PORTLAND, Oregon (Reuters) - Portland teachers put Oregon’s largest school district on formal notice Thursday that they intend to go on strike February 20, disrupting classes for nearly 48,000 students, unless the two sides reach agreement by then on a new contract.
Rank-and-file instructors in the 2,800-member Portland Association of Teachers voted overwhelmingly on Wednesday night to authorize union leaders to call a strike if talks collapse in a labor dispute centered on staffing levels and wages.
The district has said it already has contingency plans to keep its 78 schools open using substitute teachers in the event of a walkout.
Some parents, however, have expressed discomfort at the prospect of their children crossing picket lines to attend classes or extracurricular activities. Students at several Portland high schools staged walkouts from classes on Thursday to show support for the teachers.
The union set a deadline for February 20 at 6 a.m. local time (1400 GMT) for reaching a settlement on a new three-year contract but is required by state law to give the district at least 10 days notice before staging a strike.
Bill Wilson, chairman of the union’s bargaining committee, said that formal notification was delivered to the district Thursday morning.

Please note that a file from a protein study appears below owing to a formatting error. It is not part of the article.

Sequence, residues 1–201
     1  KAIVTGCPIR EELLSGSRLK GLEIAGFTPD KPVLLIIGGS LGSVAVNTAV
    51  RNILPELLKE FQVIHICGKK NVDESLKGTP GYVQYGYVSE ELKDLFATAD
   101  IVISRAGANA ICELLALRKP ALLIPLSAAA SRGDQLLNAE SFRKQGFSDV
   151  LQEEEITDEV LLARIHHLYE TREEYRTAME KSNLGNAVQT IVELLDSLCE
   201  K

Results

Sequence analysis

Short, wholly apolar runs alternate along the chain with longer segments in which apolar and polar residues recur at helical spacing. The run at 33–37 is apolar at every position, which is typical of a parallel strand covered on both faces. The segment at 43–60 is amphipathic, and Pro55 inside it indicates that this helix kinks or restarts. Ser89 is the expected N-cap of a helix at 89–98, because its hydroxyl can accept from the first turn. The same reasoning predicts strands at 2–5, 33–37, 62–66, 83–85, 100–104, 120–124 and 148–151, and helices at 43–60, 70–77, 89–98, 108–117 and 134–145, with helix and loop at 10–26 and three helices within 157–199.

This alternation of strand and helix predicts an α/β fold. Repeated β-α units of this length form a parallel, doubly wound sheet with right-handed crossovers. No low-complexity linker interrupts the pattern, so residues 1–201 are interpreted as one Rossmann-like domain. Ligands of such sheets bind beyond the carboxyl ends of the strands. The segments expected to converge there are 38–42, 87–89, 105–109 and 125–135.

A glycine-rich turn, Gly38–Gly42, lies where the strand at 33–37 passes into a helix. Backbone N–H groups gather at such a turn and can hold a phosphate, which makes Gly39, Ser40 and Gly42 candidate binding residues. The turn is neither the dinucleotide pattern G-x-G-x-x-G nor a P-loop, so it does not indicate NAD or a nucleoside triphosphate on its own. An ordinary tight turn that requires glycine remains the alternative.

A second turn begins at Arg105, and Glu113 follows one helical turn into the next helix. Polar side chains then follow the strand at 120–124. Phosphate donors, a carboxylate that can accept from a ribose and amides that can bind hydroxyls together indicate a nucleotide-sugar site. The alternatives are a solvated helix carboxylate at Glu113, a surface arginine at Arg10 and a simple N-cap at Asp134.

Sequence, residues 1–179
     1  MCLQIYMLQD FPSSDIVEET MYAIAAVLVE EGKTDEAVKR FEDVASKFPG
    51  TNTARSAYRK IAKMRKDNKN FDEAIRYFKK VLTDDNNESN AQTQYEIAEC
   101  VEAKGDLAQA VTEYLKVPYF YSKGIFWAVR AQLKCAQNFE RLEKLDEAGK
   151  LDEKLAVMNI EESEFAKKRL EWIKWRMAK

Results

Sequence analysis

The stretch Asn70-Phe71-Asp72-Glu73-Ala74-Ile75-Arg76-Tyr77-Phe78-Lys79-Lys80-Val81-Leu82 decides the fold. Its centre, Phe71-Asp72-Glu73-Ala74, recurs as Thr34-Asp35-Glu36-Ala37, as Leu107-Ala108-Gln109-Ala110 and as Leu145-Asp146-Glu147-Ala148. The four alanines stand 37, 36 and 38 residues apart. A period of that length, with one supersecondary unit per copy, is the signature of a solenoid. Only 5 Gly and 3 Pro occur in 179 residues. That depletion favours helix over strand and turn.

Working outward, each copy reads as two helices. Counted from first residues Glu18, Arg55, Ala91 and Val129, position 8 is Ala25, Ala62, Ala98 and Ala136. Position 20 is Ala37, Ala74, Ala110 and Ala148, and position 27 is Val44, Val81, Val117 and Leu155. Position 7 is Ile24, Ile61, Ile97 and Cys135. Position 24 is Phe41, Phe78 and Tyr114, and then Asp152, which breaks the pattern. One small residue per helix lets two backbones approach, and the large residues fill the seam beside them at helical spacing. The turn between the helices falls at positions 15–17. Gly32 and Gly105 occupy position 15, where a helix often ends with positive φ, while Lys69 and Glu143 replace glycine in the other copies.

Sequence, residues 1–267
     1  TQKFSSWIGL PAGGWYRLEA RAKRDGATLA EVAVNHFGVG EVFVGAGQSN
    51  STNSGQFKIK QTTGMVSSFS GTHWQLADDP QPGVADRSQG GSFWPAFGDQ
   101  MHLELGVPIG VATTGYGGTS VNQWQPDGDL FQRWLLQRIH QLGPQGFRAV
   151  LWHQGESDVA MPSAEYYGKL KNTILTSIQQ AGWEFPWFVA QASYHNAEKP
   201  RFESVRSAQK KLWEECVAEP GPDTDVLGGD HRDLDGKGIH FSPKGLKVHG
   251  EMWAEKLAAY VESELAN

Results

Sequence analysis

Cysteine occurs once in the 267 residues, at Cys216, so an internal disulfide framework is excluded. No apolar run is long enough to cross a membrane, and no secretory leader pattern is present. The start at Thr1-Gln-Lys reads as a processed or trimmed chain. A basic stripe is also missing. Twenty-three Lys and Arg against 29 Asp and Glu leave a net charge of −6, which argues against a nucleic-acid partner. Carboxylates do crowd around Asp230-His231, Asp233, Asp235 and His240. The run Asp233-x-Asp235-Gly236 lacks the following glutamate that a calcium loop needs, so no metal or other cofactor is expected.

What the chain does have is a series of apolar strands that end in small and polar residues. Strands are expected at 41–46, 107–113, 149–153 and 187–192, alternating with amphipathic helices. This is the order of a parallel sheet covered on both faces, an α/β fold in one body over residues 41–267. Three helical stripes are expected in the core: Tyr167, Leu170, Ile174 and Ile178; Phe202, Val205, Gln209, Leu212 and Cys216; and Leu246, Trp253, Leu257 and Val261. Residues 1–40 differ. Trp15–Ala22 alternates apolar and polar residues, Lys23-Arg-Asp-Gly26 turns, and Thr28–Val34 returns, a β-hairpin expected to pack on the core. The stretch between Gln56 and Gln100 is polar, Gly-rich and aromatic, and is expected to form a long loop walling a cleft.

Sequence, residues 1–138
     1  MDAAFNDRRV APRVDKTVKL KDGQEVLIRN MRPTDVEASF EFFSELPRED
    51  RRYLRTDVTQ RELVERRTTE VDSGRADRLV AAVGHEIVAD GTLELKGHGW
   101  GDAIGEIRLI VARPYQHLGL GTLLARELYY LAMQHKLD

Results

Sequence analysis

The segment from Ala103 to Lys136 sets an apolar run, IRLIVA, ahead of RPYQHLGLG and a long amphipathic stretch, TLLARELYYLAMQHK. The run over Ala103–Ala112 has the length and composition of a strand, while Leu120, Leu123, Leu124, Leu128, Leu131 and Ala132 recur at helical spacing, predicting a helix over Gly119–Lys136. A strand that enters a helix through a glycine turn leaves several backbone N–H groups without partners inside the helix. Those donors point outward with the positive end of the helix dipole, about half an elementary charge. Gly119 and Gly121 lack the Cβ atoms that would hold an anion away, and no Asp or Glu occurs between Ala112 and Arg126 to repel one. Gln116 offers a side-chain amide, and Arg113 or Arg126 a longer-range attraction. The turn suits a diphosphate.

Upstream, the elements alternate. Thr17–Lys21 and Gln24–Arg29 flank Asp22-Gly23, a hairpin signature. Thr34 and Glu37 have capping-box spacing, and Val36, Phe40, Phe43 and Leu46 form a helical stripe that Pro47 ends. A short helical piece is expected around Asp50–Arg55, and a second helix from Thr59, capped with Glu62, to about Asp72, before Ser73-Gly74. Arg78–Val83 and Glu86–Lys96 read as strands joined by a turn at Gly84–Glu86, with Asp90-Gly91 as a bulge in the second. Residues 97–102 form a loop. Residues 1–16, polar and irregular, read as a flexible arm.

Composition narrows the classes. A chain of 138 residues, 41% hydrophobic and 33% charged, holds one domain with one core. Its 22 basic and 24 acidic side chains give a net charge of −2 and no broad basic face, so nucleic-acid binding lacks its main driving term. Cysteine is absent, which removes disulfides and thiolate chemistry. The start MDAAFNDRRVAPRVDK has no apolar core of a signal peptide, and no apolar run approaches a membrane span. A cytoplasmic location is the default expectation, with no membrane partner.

The next round of negotiations, to be conducted with assistance of a mediator, was set for Sunday, but Wilson said the union has offered to hold additional bargaining sessions on Thursday, Friday and Saturday.
“If they came over here today, we could get this done,” union president Gwen Sullivan said. “Our hope still is not to go on strike.”
Jon Isaacs, a senior policy advisor for the school district, said that the mediator had strongly advised both sides not to meet without her, and that Sunday is the next day she would be available.
“We are going to follow her advice,” he said.
Isaacs said the mediator was currently preoccupied with a separate labor dispute that led teachers in the much smaller district of Medford, 270 miles south of Portland, to strike Thursday morning, idling some 13,000 students at 22 schools.
The Medford district reported that “significant movement” on salary and benefits was made in a marathon round of overnight contract talks.
Portland Public Schools spokeswoman Christine Miles said Wednesday night after the strike authorization that district officials were “deeply disappointed” but held out hope for making progress toward averting a strike in upcoming talks.
The union and school district have been at odds over class size, teacher workloads, wages and insurance coverage, but the issue of staffing levels has emerged as the chief stumbling block, according to union officials.
Pointing to a budget surplus projected for the coming year, the union is demanding that the district hire 176 new teachers, while the district wants to add 88 instructional positions and save more of its extra funds as a rainy-day reserve.
Isaacs said the two sides disagreed over whether “budget decisions belong in the contract.” He said teachers also were opposed to a district plan for phasing out an early retirement program.
In the area of wages, teachers are asking for raises of 3.75 percent in the first year and 3.52 percent in the second year of the new contract. The district is offering a 2 percent salary hike for each of the next two years.
Reporting by Teresa Carson; Editing by Steve Gorman